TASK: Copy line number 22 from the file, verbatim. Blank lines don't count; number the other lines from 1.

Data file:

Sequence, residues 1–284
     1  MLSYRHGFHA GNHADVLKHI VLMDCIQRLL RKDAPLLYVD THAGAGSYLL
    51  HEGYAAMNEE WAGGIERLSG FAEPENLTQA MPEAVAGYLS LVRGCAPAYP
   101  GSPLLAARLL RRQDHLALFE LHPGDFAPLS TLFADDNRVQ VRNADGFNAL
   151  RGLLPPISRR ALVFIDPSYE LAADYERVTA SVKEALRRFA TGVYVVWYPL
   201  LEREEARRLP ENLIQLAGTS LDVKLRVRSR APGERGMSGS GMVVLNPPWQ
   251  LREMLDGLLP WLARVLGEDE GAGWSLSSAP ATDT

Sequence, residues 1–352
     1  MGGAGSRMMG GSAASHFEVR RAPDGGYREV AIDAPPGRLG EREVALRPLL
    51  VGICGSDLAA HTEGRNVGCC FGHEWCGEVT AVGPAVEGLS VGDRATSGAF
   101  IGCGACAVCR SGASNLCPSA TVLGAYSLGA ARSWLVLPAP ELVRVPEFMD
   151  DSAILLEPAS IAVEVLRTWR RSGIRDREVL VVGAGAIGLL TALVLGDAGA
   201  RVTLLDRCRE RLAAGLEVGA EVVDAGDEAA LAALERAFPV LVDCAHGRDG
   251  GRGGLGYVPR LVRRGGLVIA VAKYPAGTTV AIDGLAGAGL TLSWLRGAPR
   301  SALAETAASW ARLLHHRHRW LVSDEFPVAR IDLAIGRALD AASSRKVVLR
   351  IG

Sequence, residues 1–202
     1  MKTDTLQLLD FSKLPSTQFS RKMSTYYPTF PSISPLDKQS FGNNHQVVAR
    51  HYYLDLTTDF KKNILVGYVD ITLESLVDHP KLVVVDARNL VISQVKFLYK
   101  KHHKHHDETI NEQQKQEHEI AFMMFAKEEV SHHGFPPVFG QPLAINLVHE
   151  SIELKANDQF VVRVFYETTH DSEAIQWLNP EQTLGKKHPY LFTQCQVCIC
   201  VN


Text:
   201  VN